in the Mayan area of Mexico, traditional systems of shifting
cultivation can feed more than what is assumed, while conserving biological diversity for future use.
There are several alternatives to large, strictly protected
areas. Madhav Gadgil has suggested that reserves in
India should take the form of "a highly dispersed network
of tiny protected areas, 'ranging in size from individual
Ficus trees to groves of a few hundred square meters to a
few hectares in size". This may be more appropriate,for
tropical developing countries than the North American in
of national parks.
There is a need for a replacement of major parts of t
tropica*rotected area system by 'mosaic management" t
allow multiple use and to reflect the multifaceted abilities an
needs of local communities. An emerging tenet of landscape
ecology is that the patchy structure of landscape is import
to ecological functioning at a variety of levels of biological
organisation, and that this itself was worthy of conservation
and management attention.
A mix of ecosystems is required to secure the welfare
tropical peoples, involving a balance between the preservation
of mature forests and the complete conversion to intensive
systems, with an enhanced role for the management of sec
ondary forests. There is need for a wide range of land management options, to develop an integrated mix of national par
national forests, biosphere reserves, extractive reserves, Community forestry and peasant reserves in a variety of differece ecosystems.
I Tfie current and widespread strategy of tropical protecte
area conservation - with the exclusion of human populations
- depends on theories and perceptions on the desi
and management of biological reserves that are now
proving irrelevant and inadequate for the needs
tropical countries. Tropical forest conservation is
based on misconceptions of past and present tropic
land use and of the economic ecology of rural communities. These misconceptions about tropical Ian use in the designation of reserves could translate into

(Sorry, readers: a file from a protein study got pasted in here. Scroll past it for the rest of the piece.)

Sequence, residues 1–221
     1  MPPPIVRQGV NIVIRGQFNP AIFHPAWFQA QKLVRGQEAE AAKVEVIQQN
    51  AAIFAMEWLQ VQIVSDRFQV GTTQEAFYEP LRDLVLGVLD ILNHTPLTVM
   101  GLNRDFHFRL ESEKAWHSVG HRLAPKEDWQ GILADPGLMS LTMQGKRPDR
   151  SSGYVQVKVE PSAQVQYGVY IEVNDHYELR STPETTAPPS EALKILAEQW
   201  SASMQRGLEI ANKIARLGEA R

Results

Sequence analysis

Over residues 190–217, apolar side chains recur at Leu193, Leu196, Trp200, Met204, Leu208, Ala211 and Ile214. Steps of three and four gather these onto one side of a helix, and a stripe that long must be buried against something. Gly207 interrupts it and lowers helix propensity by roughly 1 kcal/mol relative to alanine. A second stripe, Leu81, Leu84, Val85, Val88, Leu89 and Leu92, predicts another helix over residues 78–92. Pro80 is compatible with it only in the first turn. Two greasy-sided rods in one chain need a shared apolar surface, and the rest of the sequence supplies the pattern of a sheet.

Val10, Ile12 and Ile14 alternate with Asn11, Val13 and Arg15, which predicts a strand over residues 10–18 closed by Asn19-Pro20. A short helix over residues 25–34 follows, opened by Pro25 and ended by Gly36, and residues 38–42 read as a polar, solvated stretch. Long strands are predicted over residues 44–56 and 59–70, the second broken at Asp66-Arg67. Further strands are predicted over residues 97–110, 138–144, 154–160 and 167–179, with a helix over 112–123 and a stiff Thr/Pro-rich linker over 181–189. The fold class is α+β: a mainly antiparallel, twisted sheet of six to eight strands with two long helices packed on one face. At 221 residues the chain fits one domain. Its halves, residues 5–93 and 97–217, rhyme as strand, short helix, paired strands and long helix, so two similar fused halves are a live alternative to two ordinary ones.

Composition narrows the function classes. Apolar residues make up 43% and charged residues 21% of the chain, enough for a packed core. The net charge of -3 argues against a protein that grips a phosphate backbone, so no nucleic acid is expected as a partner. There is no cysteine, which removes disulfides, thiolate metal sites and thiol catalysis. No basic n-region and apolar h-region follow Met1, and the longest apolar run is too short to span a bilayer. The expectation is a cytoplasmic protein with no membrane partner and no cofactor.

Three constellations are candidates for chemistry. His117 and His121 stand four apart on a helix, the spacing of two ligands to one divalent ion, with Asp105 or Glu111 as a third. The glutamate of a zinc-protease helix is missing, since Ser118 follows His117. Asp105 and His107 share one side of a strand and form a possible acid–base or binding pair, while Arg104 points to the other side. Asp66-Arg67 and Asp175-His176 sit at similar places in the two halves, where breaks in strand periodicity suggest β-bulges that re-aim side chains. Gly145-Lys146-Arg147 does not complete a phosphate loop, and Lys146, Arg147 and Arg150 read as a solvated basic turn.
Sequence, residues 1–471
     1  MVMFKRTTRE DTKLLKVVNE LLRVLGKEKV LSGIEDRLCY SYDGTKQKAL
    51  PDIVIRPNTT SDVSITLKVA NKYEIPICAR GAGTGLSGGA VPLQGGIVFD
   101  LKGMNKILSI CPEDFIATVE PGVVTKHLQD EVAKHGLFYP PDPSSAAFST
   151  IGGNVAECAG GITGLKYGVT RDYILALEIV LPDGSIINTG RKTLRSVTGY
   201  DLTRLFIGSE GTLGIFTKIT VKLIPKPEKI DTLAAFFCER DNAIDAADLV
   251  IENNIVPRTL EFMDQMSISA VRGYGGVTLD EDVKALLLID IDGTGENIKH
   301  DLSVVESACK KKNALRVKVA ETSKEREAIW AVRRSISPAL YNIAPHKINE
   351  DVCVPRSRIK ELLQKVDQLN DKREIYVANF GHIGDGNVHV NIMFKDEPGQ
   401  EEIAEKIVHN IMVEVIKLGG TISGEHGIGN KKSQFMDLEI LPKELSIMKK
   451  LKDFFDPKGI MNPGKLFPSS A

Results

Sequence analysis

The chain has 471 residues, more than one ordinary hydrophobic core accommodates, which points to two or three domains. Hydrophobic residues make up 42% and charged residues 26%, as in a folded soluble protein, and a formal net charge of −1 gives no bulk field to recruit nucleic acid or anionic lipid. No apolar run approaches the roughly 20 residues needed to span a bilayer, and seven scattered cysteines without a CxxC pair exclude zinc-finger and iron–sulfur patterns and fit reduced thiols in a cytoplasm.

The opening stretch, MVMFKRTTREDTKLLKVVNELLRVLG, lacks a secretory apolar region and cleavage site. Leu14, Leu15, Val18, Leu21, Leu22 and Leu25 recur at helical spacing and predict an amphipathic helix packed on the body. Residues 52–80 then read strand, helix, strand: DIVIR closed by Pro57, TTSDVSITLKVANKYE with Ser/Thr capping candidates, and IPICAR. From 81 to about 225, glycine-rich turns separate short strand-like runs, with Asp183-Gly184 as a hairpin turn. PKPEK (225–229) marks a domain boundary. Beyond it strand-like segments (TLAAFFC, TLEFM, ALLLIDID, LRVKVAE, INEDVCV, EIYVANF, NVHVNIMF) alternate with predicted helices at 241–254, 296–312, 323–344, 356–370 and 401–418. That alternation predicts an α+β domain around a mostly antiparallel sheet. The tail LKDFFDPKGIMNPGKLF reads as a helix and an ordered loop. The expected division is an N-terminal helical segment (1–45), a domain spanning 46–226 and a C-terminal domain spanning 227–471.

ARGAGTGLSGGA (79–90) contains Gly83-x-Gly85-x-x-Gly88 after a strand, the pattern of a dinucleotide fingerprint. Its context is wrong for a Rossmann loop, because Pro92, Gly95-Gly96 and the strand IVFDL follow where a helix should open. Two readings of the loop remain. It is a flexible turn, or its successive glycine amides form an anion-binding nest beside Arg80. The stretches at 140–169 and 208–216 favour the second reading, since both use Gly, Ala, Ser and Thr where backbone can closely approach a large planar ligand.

serious errors when it comes to reserve management
Protected area management, which assumes it is ma
aging previously uninhabited land, is management
that will fail.
The disturbance regime associated with the past prO4
ductive use of tropical forest areas is a key to tht
future productive management of biodiversill
Conservationists must accept that nearly all tropical
land is or has been productively used intensively 11
agriculture and extensively to complement agriculturt
by gathering wild plants and by hunting.
Any misguided attempt to reduce, change or pre!
vent disturbance by the establishment of strictly protect
areas will have unpredictable but probably damaging consic
quences for the survival of tropical forests in their prese
form. Strict preservation could destroy biodiversity and aj
the indigenous knowledge needed for ecosystem manag
ment. Management policies excluding rural communitim
from reserves are not only socially provocative, but count
It is suggested that multipurpose management and c t,
ued human use of tropical forests is a more effective conserv
tion policy for tropical developing countries than the stn)
protection of large forest reserves. The present ,
strictly protected areas should be replaced with a system
in harmony with the traditional resource management n
and abilities of rural communities. Rural communities should
be actively involved in the future productive management A
tropical forests, rather than being induced or pressurised into
abandoning their forest heritage.